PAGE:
Economic Base Analysis:  Introduction

One of the most common questions the council and community will ask a city staff is “What will happen if we get (lose) this industry?”  While it’s always good to gain industry (and bad to lose)—at least from an economic point of view—some industries will have a larger impact than others. 

It would be nice if there were a single, constant answer for every industry and every place in the country.  But that would be too easy.  In fact, the answer will be different for every industry in almost any place in the country.  The impact of any one industry depends in part on the role that industry plays in the national economy, in part on the role that industry plays in the local region, and in part on the local region’s share of that industry. 

Enter “Economic Base Analysis.”  The overall idea is that every economic activity in a location (city, county, region, state, nation) has some impact on all the other economic activities (call them “industries”—keeping in mind that households and one-person newsstands are considered as “industries”).  It is possible to construct a “chart of accounts” which spreads the impact of any industrial grouping (any “row”) across all of the other industrial groupings, including itself (the “columns”), which can be added across the row to get the total economic impact of that industry in the region.  A complete economic base matrix would have a row for every industrial grouping in the region.  The “rows” need not be the identical with the columns—it is possible to run a more detailed analysis of impacts (“columns”) against a different classification of industries tailored to the region’s major activities, for example (so long as all industries are accounted for somewhere in each set of categories).  There are about 500 major industrial groupings (the NAICS Manual runs to 1400 pages; a listing of the 6-digit codes is available at ).  A commonly used model (“RIMS II”) combines these into 38 categories.  Even using those few categories, the amount of data required (and generated) is immense (a 38 x 38 table has 1,444 cells).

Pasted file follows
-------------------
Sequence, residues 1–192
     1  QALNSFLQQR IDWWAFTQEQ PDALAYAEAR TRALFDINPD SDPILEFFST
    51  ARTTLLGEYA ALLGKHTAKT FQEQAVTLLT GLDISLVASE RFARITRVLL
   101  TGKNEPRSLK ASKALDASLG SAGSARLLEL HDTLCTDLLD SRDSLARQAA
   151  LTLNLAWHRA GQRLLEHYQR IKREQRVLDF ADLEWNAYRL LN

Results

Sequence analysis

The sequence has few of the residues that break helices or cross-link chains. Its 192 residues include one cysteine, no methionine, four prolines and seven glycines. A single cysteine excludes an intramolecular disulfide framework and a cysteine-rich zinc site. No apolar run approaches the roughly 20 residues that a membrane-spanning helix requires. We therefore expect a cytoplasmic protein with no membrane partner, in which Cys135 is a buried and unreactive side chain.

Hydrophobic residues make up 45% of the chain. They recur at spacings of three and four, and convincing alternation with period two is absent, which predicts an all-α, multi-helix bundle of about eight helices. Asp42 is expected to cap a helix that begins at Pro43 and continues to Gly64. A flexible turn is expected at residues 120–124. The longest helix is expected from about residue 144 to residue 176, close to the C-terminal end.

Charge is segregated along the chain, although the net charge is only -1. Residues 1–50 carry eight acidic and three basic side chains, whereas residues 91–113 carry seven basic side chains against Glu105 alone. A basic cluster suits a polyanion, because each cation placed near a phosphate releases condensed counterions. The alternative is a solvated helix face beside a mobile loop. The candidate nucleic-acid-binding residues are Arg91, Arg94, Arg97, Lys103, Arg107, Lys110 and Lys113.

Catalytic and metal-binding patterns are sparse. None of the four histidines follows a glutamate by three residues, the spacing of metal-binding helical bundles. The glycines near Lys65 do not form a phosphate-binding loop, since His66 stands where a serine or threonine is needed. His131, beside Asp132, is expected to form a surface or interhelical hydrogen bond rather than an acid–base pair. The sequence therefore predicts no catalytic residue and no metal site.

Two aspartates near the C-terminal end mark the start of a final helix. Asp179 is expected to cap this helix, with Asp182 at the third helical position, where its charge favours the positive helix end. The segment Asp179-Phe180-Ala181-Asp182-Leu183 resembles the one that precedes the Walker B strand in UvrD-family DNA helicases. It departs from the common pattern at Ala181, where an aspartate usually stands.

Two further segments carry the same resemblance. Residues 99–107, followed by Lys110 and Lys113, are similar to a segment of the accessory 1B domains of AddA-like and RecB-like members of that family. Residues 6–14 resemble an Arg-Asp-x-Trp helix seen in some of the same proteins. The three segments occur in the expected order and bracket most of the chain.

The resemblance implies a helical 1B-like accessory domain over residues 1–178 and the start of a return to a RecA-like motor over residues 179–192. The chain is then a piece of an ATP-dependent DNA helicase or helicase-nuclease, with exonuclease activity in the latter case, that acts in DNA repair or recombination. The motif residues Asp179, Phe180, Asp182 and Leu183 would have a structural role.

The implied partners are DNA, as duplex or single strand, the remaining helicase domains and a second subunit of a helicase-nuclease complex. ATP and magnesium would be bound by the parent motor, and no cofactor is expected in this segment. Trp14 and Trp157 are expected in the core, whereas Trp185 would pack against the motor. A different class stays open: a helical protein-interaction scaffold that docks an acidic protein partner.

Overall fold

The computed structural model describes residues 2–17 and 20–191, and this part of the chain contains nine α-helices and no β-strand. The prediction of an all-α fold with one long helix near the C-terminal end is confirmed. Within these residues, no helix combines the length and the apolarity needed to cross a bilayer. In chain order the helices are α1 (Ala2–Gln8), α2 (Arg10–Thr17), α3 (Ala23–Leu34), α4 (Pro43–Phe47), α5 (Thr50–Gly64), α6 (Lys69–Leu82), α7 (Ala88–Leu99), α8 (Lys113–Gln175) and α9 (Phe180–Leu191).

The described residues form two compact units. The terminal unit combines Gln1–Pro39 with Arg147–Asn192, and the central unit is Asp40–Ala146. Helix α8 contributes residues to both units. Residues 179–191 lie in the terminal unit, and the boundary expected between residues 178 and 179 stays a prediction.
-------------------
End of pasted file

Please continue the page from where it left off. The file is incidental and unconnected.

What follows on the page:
The table of regional industrial activities and their impacts on all other industrial activities is called an “Input/Output Table” (or I/O Table, for short).  Generally, the data in the table are presented as decimal fractions (sometimes less than, sometimes more than 1.00) of the impact of the row on the column.  In other words, for “$1 change in output from industry X” you can expect “x.xx% change in input from industry Y.”  The tables usually show $1 change in output or earnings or, in the case of employment, number of jobs per $1 million of output.  The I/O table is usually created based on national data—in order to get reliable and stable estimates, a large amount of data are needed.

But national trends could easily misrepresent the local situation (for example, in 2005 unemployment in the Bellingham, WA area was running around 7.5%, while the Mankato, MN region was experiencing around 3.5%).  So the national I/O table must be adjusted to the local situation.  Usually, this is done at a scale no smaller than a single county, and preferably for a region of counties.  If the region is too small, an economic base analysis will either be highly unreliable or else irrelevant.